--that's what it has been like these past three days. It occurred to me that I've only had one or two summer flu's. They are worse than the usual mid-winter bug in that they seem to be more reckless. Germs with bermuda shorts and hibachi's on vacation in my blood stream. Can't wait for them to pack up and go home. Perhaps this is what Oregonians think of us here in California as we invade during the mosquito months. I wonder...

Monday, July 14, 2008

The Stare-down

When the two faces met in the mirror, the one looking the other seen, there was a sudden recognition that something was missing. A longing for the way it used to be, not yesterday, nor last week or even anytime in the past year or two. But the longing was for anything unchanged in the mirror.

He looked at his face,  at the age spot just under his eye... the faint lines on his nose, the "smile wrinkles" around his eyes and gray hairs in his two day unshaven beard. These were all new, since the last time he really looked. That time, as best he could remember, was sometime in his early twenties.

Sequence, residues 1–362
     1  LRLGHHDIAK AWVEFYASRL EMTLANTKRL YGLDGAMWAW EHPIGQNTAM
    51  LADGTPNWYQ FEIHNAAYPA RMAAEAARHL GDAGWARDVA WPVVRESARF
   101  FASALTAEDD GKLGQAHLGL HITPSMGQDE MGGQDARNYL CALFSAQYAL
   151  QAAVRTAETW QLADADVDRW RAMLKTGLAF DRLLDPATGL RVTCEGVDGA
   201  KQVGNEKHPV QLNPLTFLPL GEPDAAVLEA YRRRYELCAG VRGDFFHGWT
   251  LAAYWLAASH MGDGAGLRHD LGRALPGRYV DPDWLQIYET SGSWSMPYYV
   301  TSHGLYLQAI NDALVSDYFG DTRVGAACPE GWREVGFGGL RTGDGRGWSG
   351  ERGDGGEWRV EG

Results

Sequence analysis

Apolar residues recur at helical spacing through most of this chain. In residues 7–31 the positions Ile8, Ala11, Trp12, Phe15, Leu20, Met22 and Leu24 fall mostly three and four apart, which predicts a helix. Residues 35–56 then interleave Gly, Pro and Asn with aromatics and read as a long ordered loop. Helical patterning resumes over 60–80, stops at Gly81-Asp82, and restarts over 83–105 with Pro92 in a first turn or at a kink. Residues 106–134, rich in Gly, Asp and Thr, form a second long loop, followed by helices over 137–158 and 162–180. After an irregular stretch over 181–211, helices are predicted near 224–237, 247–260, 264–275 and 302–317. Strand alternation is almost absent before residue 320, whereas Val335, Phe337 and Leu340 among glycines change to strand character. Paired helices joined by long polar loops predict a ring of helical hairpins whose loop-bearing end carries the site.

Then he looked in. Past the age spot, into the frame that was the wrinkles above his cheekbones, to the brown color and pupil floating on the white of his eyes. He ignored, for a moment, everything around them, and said to himself, "There. That's what's left of me. That's what has changed the least." Even though it wasn't true, for his ability to see close up and far away simultaneously is not what it was back then. Only the outward appearance of his vision was the same, and only that in the very center. 

He couldn't stay long, the seen was getting bored with being observed. So, he stepped back, satisfied for the moment that there was at least one thing left of him that quelled the longing for what used to be. It was not youthfulness, but innocence that escaped him this morning. And even that was not very easily seen.